Five bar parallel Scara

  • I love strange kinematics, and when I discovered the parallel scara I had to build one.

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    The Duet did not have support for this kinematics in stock firmware but @JoergS5 had an almost complete implementation that we have developed further. The firmware works very good now.

    The machine is made mostly of printed parts and items you can easily get hold of, and a hacksaw and hand drill. No machined parts. The precision is not the best but it still works pretty good (just a nightmare to calibrate). It's still a prototype/proof of concept so it does not look very good and many parts are stuff I had laying around.

    The body rides on 3 12mm rods with LML12UU-like bearings, and has one leadscrew. The inner joints have two 6806 bearings per arm. The elbows use two 8mm thrust bearings each, preloaded with an m8 rod, a crude solution that works very well. That joint is very stiff. The hotend joint has two 6704 (20x27x4) very thin and light bearings inside. Lots of bearings.

    The motors driving the arms are 48mm 0.9degree NEMA 17 with a 20t pulley leading to a 200t printed pulley. This gives a gearing of 1:10 which is very much on the low side. 1:30 would be far better. But upping the microstepping to 64 or even 256 saves the situation. A problem with 256 microstepping is that the Maestro starts to get stepping rate problem over 400mm/s.
    Using a normal gearbox is not possible due to their backlash. A machine like this needs a gearbox with almost no play, like a harmonic drive. A belt gearbox works pretty good but the gearing is limited due to size.

    With the 180 and 216 mm long arms the printing area is approximately 300x200mm. The actual print area is actually half-circleish shaped and quite a lot bigger.

    The printer can move at blazing speeds and accelerations without any drama and shaking. The kinematics is similar to a polar delta but just 2 axis instead of 3. Currently it has a fair amount of ghosting at high speed/acceleration, but prints very good at a more reasonable 60mm/s and 2000 acceleration. I think the ghosting is due to a far too wobbly tower, or possibly flex in the belts. I have got some metal clamps for the 12mm rods and some more 3060 extrusion in the mail, it might help.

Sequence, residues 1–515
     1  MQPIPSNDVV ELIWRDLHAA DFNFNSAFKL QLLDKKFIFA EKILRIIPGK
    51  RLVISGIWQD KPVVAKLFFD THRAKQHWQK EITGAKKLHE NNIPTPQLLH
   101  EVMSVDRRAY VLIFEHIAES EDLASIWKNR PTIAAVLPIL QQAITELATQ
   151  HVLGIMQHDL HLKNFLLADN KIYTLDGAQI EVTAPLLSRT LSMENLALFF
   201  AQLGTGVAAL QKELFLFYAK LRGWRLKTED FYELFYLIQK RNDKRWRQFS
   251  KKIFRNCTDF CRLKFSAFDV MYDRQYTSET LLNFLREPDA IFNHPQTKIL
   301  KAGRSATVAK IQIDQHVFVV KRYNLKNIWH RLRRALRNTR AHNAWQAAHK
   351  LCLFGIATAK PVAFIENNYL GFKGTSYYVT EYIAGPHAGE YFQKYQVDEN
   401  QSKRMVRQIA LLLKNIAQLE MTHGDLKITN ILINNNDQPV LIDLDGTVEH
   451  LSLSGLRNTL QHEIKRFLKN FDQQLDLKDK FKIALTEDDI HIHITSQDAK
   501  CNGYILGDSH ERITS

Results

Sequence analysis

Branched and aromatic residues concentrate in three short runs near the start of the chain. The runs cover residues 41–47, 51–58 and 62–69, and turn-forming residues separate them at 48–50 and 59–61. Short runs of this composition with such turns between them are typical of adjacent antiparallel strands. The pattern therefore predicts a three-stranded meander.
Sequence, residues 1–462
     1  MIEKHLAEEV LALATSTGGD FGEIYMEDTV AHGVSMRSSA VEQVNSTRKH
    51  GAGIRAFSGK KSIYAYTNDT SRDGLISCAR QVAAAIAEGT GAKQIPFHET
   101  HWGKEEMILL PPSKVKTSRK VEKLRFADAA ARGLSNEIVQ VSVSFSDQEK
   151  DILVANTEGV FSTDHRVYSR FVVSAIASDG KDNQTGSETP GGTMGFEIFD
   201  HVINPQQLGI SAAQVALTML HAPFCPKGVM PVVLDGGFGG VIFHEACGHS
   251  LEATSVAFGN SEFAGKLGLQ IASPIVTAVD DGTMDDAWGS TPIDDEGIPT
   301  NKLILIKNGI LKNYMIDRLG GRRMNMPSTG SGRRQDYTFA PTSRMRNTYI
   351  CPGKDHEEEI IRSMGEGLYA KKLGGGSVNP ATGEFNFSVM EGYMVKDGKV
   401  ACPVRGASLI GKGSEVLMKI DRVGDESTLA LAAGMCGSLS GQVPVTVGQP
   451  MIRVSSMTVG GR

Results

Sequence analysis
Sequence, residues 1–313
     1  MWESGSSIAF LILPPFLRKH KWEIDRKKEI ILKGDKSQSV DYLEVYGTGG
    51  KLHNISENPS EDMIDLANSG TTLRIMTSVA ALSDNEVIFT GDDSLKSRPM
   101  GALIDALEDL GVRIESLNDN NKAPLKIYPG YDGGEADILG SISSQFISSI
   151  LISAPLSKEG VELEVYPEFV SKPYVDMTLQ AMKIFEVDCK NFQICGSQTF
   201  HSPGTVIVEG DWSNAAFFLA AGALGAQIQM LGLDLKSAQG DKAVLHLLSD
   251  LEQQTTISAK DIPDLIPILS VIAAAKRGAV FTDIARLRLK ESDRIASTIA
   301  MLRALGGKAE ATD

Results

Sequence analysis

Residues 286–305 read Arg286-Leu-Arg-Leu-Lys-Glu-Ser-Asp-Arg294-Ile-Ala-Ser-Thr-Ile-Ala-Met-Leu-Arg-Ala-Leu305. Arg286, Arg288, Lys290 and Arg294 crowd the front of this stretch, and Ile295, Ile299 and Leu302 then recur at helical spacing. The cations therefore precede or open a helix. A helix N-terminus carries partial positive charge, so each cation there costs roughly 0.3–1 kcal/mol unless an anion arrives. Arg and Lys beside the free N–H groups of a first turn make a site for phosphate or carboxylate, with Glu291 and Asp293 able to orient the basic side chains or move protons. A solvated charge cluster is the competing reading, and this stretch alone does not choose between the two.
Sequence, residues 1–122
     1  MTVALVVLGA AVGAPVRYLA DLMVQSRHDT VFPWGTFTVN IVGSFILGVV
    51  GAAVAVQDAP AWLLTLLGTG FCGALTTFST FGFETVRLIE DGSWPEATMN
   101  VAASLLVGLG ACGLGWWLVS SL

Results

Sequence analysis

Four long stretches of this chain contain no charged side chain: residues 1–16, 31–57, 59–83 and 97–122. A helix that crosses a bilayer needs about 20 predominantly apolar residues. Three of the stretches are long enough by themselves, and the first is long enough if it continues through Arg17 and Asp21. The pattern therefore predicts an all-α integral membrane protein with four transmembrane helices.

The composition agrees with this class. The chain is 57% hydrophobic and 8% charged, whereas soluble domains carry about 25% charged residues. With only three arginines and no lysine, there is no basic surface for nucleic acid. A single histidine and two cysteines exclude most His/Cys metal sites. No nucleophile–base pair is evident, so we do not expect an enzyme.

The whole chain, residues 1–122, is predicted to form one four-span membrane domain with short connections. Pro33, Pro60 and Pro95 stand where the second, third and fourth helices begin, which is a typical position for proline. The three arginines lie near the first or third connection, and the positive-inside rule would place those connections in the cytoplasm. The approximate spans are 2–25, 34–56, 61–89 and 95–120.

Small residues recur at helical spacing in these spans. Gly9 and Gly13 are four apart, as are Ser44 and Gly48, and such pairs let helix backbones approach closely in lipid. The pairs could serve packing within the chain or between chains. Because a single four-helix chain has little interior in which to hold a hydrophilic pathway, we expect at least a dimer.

I made a little video showing it moving fast

    Here is an earlier version doing the first reasonably successful benchy print.
    Those arms were made of small U-beam and far too wobbly, changing to bigger 20 mm square beams made a massive difference.

    The very first little prototype to get a feel for the kinematics, a very useful little toy 🙂
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    Good to see you've got this working well! Is one of you going to send me a PR to add this kinematics to the standard firmware?

  • @dc42 @bondus I can send a PR for v2 and v3 at the weekend.

  • @joergs5, please do. We need a joint repo to work from, we should set up a common fork after that. I poke around in the code at times, it's not complete, yet.
    I did a push today of my local changes to my repo at Mostly cosmetic changes, but something important might be hiding in there. If we had a joint repo I will behave, commit more often and add proper comments 🙂

  • @bondus I will test your code corrections with my printer at the weekend and will make the PR then (maybe I should do it for RRF3 only, what do you mean? *)). I will add some unit testing of the most imporant methods. I have gathered some ideas to avoid backlash, so no need to correct the firmware in this regard as I planned to do.

    *) if we work and test with only one version of RRF, effort to develop further will be lower, deployment easer, and RRF3 is the future anyway. If someone wants to use it in 2.03, it's easy to downport.

  • The fancy new rod holders made no difference for the ripples. They made the tower quite a lot stiffer and they look good 🙂
    0_1562339942617_IMG_20190705_162721243 - Copy.jpg

    The ripples are pretty high frequency and keeps going for a long while, not much dampening.
    This print is in shiny black to show all flaws and held at a very specific angle to see the ripples, prints generally look good.
    0_1562339997888_IMG_20190705_171202953 - Copy.jpg